Anti-vaccination group loses charitable status

An anti-vaccination group that has been in the news for all the wrong reasons recently has been stripped of its charitable status after the state government found its fund raising appeals had not been conducted in good faith. The Australian Vaccination Network (AVN) came into news when in July it was ordered to publish a disclaimer on its website stating the group was anti-vaccination and its material should not be read as medical advice.

This Thursday, the NSW Office of Liquor, Gaming and Racing (OLGR) finally took away the charitable status of AVN on the grounds it had failed to publish the disclaimer as recommended by the Health Care Complaints Commission (HCCC). The office sent a letter to the AVN saying, “This has led to appeals not being conducted in good faith…The organisation's website is misleading in that it may lead people making donations to believe they are donating to a cause which promotes vaccination, whereas the organisation adopts an anti-vaccination position.”

The incidents started when the HCCC investigated AVN's website after complaints including one from a couple whose four-week-old daughter died from whooping cough. The parents after the death of Dana McCaffery's found that their story was being used as part of an anti-vaccination campaign when their daughter was too young to be vaccinated against whooping cough. The vaccine for this deadly disease is given after six weeks of age and Dana was only four weeks old.

Robert Booy of the National Center for Immunization and research said, “Children on the North Coast of NSW have died of pertussis [whooping cough]. Only last year a child died. Only last year another child in NSW died of varicella, or chicken pox. And these are vaccine-preventable diseases. It's a tragedy.”

At present AVN is appealing the HCCC's decision to the NSW ombudsman. According to spokeswoman Meryl Dorey, AVN is now “investigating its options” regarding a possible appeal of the OLGR's decision. She insisted the Australian Vaccination Network was not anti-vaccination and “This is a great injustice…It's not the sort of action you'd think a democratic government would take,” she said. AVN has lost the ability to appeal for donations from anyone other than the alleged 2,500 AVN members but the group insists it will continue campaigning.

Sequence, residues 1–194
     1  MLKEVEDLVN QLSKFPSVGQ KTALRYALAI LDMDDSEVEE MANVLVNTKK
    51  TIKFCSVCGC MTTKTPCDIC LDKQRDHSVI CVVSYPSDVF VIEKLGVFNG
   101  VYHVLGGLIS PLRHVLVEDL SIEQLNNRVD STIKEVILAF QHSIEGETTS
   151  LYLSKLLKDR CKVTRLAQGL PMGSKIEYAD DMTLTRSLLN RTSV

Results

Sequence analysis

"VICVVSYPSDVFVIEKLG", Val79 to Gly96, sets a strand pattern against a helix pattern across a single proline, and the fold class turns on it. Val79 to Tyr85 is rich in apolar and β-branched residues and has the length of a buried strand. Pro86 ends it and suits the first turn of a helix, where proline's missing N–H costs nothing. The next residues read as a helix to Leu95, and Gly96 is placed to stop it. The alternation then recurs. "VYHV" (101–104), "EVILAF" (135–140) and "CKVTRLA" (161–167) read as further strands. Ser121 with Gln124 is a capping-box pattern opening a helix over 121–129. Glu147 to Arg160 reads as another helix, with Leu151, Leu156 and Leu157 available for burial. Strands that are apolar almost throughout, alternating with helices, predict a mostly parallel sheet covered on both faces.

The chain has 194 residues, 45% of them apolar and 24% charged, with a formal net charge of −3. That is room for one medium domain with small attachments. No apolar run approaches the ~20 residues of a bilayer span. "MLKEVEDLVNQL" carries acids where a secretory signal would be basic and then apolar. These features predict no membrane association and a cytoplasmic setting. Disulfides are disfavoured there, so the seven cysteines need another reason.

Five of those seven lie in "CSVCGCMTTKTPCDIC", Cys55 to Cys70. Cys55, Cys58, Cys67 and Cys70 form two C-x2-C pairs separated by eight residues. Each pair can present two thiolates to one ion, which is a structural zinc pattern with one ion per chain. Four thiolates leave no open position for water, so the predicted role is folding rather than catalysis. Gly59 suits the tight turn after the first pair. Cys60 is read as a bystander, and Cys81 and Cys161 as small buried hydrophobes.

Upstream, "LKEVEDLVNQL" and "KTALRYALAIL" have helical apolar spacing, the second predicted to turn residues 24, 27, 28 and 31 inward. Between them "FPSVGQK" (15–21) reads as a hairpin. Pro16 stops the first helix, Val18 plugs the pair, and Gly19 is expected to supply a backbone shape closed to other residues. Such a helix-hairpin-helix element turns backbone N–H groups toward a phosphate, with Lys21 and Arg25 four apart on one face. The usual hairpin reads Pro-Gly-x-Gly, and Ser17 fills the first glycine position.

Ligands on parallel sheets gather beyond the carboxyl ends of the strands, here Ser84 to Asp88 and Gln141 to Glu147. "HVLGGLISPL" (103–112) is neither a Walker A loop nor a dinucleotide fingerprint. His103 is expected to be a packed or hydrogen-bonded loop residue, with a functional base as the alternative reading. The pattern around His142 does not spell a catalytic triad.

Dr. Ananya Mandal

Written by

Dr. Ananya Mandal

Dr. Ananya Mandal is a doctor by profession, lecturer by vocation and a medical writer by passion. She specialized in Clinical Pharmacology after her bachelor's (MBBS). For her, health communication is not just writing complicated reviews for professionals but making medical knowledge understandable and available to the general public as well.


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  1. anti-pro anti-pro Australia says:

    Quite interesting what's happening with the AVN the last year or so. Industry instigated SAVN (google it) was set up to destroy the AVN by whatever means necessary, and they're doing a damn fine job.
    It's a pity there's no real investigative journalism anymore and that the public is only presented the superficial "facts".
    And one more thing, a check of our government websites indicates that they are clearly pro vaccination, to the point where adverse reactions, are at best, glossed over (that's the ones we know about as less than 10% are reported). They also ignore the fact the long the health implications of vaccination are, at best, unclear and that their effectiveness is questionable.

    Should they not be made to place a disclaimer on their websites stating that they are pro vaccination?

    • Mark Mark Australia says:

      As with most conspiracy-theorising twaddle, this comment is deceptive, short on fact, misleading and ultimately dangerous.  The conclusion is breathtaking in its fundamental ignorance - the long-term health implications of vaccination are well documented, clear and extraordinarily positive.  Effectiveness?  Did the Sun come up this morning?  Is the Earth Round?

      Government sites don't provide a disclaimer that they are pro vaccination, as that is obvious to anybody who reads them, or, indeed, to anybody with a live brain who has vaguely followed the public debate.  "AVN" is a deceptive and dishonest organisation who should be called to account.  Why won't it publish the disclaimer if it has nothing to hide?

    • Erik @ Sydney Erik @ Sydney Australia says:

      Great analysis of the article. Great comment, keep up the good work.

  2. about time about time Australia says:

    How they were granted charity status in the first place is beyond me!

  3. Tom Hennessy Tom Hennessy Canada says:

    "Experts are examining a pos­sible association between the controversial jab and Guillain-Barre Syndrome, according to a report from official watchdog the Medicines and Healthcare products Regulatory Agency (MHRA)"

The opinions expressed here are the views of the writer and do not necessarily reflect the views and opinions of News Medical.
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